“Police in riot gear on Monday clashed with anti-government demonstrators outside the Parliament buildings in the Georgian capital, Tbilisi. Water cannons were fired on the crowds as authorities attempted to break up a second day of wide-spread rallies.”


“Hong Kong’s accountants see a bleak outlook for the local economy as the city grapples with a recession caused by six months of increasingly violent protests, a slowing global economy and the US-China trade war. Two thirds of accounting professionals surveyed by CPA Australia expect Hong Kong’s economy to contract in 2020, as the recession that began in the last quarter continues.

“That represents a huge slump in economic confidence.”


“The current crisis goes back to Pinochet’s vicious neoliberal economic model, which has been effusively embraced by all post-Pinochet governments from center-left to right.

“The system has given Chile the dubious honor of being one of the countries with the world’s highest concentration of wealth.”


“Western Canada is currently facing uncertain times not witnessed since the Petro-Canada Centre, better known as Red Square, was built to house the then Crown Corporation in downtown Calgary in 1983.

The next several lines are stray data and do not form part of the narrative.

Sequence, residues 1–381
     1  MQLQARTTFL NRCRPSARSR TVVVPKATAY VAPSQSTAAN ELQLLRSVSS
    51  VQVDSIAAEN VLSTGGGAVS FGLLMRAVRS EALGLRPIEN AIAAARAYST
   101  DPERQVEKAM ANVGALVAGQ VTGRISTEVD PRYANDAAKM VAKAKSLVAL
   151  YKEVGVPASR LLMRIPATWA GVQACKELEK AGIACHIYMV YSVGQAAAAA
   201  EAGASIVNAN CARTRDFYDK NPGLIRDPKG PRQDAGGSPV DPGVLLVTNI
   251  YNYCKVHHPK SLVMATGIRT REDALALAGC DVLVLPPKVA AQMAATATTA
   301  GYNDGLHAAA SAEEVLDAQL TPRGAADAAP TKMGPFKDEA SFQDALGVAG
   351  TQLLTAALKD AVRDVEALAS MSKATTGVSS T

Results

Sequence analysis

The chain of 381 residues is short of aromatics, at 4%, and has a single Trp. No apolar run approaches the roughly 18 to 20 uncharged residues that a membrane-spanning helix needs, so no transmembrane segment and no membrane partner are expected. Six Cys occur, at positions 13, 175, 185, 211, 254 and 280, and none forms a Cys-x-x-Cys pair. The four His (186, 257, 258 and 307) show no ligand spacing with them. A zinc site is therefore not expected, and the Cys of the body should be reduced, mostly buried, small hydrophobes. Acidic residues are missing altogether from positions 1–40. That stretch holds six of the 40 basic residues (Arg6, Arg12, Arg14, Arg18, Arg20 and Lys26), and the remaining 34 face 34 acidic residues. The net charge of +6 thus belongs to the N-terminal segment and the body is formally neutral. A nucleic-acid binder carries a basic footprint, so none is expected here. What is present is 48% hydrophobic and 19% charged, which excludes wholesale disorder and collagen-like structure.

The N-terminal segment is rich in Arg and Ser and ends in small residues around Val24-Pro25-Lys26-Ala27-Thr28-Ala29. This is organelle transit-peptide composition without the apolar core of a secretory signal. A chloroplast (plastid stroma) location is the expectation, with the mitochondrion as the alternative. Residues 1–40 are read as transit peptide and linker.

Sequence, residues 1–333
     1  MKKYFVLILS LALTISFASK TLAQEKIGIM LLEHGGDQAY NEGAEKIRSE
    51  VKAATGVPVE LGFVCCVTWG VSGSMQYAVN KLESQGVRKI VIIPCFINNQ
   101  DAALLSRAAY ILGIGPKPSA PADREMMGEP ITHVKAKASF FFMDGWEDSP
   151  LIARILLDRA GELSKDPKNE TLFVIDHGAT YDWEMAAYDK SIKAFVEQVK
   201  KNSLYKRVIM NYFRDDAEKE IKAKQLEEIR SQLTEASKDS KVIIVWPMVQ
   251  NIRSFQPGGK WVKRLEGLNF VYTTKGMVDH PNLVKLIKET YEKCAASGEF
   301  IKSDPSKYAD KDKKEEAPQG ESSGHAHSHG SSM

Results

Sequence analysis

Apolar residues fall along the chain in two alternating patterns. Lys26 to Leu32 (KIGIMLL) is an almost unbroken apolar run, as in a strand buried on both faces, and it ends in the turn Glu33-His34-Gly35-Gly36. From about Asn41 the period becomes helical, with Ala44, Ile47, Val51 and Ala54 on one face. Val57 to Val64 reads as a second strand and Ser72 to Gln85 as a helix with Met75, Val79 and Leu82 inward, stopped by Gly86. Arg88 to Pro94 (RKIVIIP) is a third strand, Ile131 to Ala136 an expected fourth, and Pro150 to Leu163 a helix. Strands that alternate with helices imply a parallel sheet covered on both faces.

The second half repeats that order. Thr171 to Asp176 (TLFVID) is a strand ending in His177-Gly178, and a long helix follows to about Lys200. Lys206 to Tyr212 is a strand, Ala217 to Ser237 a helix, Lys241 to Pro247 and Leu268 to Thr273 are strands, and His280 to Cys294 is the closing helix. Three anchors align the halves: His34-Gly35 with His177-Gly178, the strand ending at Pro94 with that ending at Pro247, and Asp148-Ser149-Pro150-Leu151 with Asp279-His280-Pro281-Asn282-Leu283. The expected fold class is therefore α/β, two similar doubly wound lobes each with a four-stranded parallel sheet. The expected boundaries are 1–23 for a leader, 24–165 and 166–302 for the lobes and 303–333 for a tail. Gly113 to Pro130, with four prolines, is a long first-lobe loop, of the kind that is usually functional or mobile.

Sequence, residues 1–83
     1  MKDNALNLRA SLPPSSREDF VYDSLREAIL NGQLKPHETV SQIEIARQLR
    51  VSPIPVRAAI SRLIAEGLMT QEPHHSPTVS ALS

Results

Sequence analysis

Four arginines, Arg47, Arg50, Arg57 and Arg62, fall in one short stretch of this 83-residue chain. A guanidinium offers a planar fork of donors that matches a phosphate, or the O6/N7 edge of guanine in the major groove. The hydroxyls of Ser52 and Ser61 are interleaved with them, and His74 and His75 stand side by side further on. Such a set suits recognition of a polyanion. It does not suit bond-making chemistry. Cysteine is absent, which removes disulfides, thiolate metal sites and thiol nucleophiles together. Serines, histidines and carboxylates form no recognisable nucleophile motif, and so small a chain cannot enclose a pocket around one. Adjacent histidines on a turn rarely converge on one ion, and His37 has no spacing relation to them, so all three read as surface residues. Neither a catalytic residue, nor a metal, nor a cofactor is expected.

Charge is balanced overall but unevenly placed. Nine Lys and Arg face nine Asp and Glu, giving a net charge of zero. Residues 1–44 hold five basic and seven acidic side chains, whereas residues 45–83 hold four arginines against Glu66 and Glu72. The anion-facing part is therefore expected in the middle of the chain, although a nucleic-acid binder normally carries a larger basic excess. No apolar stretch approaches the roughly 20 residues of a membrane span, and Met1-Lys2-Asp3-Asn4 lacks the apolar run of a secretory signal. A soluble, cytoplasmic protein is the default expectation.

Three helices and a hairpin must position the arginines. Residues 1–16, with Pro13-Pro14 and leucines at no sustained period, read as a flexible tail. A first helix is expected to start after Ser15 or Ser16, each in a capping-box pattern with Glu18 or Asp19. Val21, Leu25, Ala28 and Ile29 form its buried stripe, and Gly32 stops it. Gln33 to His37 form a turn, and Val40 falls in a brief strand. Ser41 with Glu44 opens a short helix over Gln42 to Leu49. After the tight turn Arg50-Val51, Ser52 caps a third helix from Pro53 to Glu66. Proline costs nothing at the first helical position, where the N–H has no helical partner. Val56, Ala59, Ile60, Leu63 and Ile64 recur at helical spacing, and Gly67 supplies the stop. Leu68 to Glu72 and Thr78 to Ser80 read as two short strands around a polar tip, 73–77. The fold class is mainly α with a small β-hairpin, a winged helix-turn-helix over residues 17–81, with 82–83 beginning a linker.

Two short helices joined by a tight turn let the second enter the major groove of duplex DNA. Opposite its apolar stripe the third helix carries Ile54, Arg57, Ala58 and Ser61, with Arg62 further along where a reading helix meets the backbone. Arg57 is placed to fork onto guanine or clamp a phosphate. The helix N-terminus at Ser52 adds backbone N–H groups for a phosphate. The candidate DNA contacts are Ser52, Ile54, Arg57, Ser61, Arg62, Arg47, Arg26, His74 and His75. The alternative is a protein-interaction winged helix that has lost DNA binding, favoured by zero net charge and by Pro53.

“And with no resolution in sight for the five-year-long rout in oil and natural gas prices, things are going to get a lot worse before they get better.”


“Slowing shale-drilling activity is the latest damper on U.S. manufacturers that had come to rely on a booming domestic energy market.”


“The New York Federal Reserve on Monday accepted $61.043 billion in bids from primary dealers at a repurchase agreement (repo) operation, a move intended to help maintain the federal funds rate within the target range.

“Monday’s amount was slightly lower than the $68.34 repos accepted on Friday.”


“Europe will be struck by an even larger wave of debt defaults in the next downturn compared to the financial crisis after a surge in junk-rated companies, Moody’s has predicted.

“The credit ratings agency warned that the proportion of B3-rated companies, those graded as “speculative” quality, has doubled in Europe over just three years. The deterioration means the region will see “a much larger number of downgrades and defaults during the next cyclical downturn compared with the crisis in 2008-09”, Moody’s said.”


“Central banks in developed economies “are very close to being out of bullets,” Donald Amstad, head of Asian investment specialists at Aberdeen Standard Investments, tells me.